left-leaning liberals: the co-opting of political correctness
The list of the offenses for which liberal – or even left-leaning – activists, journalists and thinkers are accused is long. Perversion. Oversensitivity. Reverse-anything. Propaganda. Hysteria. Philosophical and political differences are a game of inversion, and both sides are convinced that their view is correct and the other is a gross distortion of reality. (So, in the spirit of full-disclosure, I will say that I believe that my liberal, social politics represent a fair, just and progressive world.) But the crime for which liberals are most often accused is political correctness, or, even handier, of being “too PC”.
The charge comes with any left-leaning argument, no matter what the goal. In Canada this year, author Margaret Atwood joined the call for the lyrics of the national anthem to be changed. ‘In all thy sons command,’ she argued, ignored 50% of the population. In the interest of gender neutrality, wouldn’t the anthem be more representative if the lyrics were changed to a variation of the original version, ‘thou dost in us command’? The suggestion was received with an eye-roll by many and outright scorn by some. Why meddle with tradition? Who’s being hurt? The debate died down pretty quickly and the anthem remains as it was.
In April, Sweden introduced its official gender-neutral pronoun, “hen”; a move toward trans-inclusiveness that went unnoticed by the rest of world until it was already in the country’s National Encyclopedia. (Reported Slate, journalists, writers, bloggers and linguists had been debating the movement for some time.) While some have applauded the move, there are those who believe erasing gender from language is a step too far.
Wrote Richard Cohen, in the Washington Post last week, the put upon “conventional” thinkers of the United States are being left behind in this new era of interracial marriage, same-sex unions, civil rights and abortion. The particular passage that most incensed readers:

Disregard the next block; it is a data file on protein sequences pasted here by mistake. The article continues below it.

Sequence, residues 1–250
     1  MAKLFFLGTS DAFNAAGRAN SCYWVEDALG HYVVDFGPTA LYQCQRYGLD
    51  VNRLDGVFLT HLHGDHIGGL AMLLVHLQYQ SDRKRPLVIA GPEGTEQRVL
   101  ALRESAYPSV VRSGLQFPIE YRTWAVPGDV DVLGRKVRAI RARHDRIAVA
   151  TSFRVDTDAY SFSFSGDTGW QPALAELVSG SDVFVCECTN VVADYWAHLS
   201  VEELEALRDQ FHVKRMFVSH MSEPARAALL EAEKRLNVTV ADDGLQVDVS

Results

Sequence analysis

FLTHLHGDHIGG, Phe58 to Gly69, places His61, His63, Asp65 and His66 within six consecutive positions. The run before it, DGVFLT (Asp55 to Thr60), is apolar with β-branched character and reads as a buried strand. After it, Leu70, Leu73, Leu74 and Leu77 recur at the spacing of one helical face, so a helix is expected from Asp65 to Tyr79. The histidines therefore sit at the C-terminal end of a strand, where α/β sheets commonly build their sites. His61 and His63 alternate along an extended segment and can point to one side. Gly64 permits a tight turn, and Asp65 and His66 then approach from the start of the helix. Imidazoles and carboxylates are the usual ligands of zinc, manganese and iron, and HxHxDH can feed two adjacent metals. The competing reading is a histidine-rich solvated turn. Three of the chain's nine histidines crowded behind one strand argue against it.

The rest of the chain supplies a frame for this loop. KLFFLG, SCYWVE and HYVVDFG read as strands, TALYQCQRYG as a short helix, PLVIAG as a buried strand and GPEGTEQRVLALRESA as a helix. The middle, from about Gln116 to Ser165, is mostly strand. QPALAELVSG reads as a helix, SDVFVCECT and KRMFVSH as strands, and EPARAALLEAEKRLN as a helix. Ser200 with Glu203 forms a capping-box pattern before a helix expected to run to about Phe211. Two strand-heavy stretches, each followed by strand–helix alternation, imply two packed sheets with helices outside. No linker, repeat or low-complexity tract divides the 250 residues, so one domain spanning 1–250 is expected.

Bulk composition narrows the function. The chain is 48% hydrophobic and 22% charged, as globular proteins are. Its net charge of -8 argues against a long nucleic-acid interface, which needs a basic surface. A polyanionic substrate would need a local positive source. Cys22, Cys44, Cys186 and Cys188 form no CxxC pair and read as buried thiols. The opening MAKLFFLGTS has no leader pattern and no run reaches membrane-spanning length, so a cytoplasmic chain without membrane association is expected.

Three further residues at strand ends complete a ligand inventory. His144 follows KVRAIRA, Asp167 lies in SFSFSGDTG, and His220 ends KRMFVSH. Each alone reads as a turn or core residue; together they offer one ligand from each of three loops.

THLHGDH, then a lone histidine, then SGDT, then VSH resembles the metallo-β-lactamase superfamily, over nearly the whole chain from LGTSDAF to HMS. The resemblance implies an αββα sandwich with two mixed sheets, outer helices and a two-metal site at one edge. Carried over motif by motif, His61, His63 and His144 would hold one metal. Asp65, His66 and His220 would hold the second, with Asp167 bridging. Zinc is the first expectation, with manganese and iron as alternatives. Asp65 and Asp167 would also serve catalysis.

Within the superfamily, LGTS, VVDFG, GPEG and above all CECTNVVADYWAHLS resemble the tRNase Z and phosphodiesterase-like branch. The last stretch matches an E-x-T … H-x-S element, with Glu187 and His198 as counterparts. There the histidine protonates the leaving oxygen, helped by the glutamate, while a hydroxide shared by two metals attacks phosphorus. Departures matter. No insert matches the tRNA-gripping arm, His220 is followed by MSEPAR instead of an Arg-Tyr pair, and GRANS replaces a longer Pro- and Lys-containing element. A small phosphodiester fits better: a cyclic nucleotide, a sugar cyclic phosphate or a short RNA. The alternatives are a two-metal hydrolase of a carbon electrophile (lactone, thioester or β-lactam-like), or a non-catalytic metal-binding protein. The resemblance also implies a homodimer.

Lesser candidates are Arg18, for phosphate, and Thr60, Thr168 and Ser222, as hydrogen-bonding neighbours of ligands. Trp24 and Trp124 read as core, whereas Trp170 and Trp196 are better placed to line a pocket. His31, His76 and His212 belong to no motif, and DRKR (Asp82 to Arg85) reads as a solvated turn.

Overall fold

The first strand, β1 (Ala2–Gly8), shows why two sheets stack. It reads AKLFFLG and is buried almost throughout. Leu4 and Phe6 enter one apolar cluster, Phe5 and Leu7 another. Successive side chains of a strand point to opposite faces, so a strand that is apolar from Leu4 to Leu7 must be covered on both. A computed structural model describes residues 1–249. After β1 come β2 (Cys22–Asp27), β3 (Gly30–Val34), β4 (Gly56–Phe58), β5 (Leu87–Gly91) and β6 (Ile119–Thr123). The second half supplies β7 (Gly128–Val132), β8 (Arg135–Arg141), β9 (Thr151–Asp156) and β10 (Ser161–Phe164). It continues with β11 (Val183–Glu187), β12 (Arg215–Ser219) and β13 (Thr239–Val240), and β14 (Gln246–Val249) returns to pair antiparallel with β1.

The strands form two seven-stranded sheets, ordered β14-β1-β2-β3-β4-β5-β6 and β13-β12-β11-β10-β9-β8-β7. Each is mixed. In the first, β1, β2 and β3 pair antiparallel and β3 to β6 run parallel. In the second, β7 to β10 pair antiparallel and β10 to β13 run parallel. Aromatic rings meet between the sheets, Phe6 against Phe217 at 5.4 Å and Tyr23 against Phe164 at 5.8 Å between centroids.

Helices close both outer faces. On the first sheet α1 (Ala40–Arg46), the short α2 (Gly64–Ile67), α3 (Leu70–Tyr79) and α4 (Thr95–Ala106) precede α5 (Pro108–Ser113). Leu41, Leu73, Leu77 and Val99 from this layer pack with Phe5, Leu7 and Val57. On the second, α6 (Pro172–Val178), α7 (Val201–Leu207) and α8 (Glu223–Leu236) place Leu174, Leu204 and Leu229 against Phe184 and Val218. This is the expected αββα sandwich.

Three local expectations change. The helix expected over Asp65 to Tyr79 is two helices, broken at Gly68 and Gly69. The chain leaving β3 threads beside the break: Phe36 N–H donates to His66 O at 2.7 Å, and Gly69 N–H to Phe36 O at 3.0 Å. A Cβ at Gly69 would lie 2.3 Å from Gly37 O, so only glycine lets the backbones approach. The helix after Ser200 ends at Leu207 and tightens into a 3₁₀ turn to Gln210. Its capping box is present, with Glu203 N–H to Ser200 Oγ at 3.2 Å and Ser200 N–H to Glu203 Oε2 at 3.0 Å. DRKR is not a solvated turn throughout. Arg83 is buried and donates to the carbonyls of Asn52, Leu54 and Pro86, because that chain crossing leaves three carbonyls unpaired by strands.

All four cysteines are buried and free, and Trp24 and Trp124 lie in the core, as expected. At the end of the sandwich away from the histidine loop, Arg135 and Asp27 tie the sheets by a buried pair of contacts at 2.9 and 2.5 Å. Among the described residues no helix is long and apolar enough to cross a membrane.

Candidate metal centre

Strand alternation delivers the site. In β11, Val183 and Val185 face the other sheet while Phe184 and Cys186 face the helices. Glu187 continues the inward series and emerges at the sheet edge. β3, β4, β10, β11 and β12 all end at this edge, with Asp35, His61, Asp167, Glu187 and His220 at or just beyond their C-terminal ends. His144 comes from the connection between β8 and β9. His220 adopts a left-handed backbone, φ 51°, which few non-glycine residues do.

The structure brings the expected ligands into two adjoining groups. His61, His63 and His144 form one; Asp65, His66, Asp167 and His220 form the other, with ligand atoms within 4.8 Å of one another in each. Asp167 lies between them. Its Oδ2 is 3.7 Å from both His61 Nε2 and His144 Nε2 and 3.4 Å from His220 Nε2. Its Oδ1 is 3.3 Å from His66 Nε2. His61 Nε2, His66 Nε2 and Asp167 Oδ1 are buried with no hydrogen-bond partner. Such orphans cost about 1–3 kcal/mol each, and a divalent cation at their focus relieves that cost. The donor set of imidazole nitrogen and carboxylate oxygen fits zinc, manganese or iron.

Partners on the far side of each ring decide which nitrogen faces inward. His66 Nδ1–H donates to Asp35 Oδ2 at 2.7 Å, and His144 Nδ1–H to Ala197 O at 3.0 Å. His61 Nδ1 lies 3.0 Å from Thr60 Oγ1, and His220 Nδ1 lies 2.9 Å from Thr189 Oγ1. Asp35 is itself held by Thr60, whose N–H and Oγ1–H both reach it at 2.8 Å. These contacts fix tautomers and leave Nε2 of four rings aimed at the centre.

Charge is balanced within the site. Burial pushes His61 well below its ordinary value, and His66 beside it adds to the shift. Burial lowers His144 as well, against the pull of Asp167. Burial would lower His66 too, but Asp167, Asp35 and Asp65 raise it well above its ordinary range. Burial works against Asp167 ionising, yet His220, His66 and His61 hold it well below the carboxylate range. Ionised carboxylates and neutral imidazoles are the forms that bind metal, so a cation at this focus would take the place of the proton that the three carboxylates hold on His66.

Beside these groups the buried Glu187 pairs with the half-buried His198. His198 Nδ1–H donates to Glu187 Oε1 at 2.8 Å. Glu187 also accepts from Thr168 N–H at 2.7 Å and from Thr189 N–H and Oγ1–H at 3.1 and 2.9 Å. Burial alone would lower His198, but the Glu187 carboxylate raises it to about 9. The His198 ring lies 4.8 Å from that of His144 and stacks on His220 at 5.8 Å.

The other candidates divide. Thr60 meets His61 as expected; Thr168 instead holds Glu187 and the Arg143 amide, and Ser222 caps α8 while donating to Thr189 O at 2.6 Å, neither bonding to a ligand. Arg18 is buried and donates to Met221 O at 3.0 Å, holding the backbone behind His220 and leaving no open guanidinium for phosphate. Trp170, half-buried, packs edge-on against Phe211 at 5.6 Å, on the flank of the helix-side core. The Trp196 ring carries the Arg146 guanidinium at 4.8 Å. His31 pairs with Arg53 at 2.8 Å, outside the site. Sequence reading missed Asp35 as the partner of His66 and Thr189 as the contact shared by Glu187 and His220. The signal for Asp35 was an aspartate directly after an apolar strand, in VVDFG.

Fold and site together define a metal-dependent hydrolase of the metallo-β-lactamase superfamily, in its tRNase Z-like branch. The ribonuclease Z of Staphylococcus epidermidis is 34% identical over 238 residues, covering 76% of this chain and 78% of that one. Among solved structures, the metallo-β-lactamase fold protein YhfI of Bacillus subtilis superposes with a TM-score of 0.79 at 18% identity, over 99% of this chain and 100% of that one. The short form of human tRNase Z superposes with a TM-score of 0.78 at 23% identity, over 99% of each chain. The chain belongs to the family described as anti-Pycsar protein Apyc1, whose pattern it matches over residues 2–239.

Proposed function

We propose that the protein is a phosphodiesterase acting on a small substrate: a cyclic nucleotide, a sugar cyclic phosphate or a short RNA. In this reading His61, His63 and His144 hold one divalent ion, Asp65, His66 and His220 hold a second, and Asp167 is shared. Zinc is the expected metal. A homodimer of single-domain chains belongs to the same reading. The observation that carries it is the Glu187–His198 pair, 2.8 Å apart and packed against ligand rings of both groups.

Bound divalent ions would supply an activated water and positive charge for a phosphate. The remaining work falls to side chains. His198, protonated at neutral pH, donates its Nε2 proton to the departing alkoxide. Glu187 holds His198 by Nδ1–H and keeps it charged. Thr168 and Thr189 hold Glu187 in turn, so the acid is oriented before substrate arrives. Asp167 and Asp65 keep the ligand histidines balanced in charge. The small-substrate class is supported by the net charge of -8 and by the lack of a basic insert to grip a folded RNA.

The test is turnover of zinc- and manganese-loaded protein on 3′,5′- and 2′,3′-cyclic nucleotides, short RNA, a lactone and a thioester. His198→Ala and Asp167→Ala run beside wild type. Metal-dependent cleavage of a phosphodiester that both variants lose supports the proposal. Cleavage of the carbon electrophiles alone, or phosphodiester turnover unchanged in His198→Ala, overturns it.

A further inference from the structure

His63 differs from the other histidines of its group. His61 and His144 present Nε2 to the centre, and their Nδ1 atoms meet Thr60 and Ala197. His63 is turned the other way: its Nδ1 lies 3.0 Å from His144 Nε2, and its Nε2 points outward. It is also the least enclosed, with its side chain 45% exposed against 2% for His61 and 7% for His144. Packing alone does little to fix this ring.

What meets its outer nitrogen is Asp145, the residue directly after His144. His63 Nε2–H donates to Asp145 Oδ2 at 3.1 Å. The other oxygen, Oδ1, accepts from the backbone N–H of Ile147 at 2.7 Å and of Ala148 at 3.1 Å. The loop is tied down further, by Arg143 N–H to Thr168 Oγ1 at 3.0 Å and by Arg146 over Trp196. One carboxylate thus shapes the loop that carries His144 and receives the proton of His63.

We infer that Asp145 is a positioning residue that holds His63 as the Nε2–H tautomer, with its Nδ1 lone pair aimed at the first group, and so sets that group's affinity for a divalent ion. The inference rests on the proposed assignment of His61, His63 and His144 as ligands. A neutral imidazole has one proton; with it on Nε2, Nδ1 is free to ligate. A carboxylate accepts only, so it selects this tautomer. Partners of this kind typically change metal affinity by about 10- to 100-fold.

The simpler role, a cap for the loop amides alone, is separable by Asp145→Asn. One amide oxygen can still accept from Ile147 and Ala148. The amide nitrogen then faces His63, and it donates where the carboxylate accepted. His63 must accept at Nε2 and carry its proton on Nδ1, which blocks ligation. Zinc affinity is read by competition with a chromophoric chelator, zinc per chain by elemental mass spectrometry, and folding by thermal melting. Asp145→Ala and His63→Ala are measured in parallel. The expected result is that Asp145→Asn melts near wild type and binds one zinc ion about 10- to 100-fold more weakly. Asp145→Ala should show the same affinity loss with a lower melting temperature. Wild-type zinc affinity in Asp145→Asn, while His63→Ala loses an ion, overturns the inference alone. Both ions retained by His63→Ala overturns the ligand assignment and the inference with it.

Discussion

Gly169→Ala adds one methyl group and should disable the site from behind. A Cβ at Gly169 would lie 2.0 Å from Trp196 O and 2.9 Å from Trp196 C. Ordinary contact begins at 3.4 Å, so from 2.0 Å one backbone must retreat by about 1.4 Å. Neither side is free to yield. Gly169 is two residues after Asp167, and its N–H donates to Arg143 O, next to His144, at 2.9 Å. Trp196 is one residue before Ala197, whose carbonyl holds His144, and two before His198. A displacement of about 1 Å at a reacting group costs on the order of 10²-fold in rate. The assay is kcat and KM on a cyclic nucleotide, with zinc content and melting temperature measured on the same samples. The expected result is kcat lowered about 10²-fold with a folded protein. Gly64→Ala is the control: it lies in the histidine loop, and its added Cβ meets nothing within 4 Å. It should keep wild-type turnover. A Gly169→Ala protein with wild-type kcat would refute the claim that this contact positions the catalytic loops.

‘People with conventional views must repress a gag reflex when considering the mayor-elect of New York – a white man married to a black woman and with two biracial children. (Should I mention that Bill de Blasio’s wife, Chirlane McCray, used to be a lesbian?) This family represents the cultural changes that have enveloped parts – but not all – of America. To cultural conservatives, this doesn’t look like their country at all.’ (Emphasis mine.)
At the heart of all of this is the suggestion that political correctness – the alteration of generally acceptable behaviour to protect the interests of a traditionally marginalised group – has gotten out of hand. The left’s preoccupation with inclusiveness is making life too complicated and needlessly political. It might even be victimising an entirely new group of people. Take Cohen’s response to those who called his article “racist”: ‘The word racist is truly hurtful… It’s not who I am. It’s not who I ever was. It’s just not fair. It’s just not right.’
The term is employed freely and broadly, not only by conservatives but also by left- leaning people suddenly faced with challenges to their own privilege. (There are few things one can count on around the holidays like the grumbles over “Happy Holidays”, even among progressives.) It’s now been co-opted by those who have never needed any protection from oppression. Whenever that status quo is challenged, those responsible are accused of political correctness – a thinly veiled scolding for meddling with The Way Things Are.
And then it’s downhill from there. Because to be told you are being too “PC” is to say your concerns don’t matter, which rarely goes over well. There is little room for conversation or debate and it is difficult to convince someone that the way things are is unacceptable – not when they unknowingly benefit from the system. It’s easy to explain to someone that cross burning is racist; it’s a lot harder to explain that asking someone where they’re “really” from is a microaggression, or that “crazy” and “mad’ are adjectives that further stigmatise mental illness.
The added genius of the anti-PC brigade is that it creates paranoia in those intimidated by the prospect of speaking up. It can be difficult (especially online) to talk about how innocuous aspects of life contribute to discrimination. It’s made more difficult when enough people try to convince you that you are seeing bigotry where none exists. Doubt is a good weapon against dissent.
So, conversations about any kind of discrimination are fruitful only among those who are willing to listen and think critically – and with empathy – about the society in which they live. Even if no one comes to an agreement, at the very least there is a welcoming ear. It’s why, though I’m wary of people who complain about political correctness, I’m not worried that activists are being silenced by defensiveness. After all, there are many things today we consider unquestionably offensive that, at one point, were Just The Way Things Were.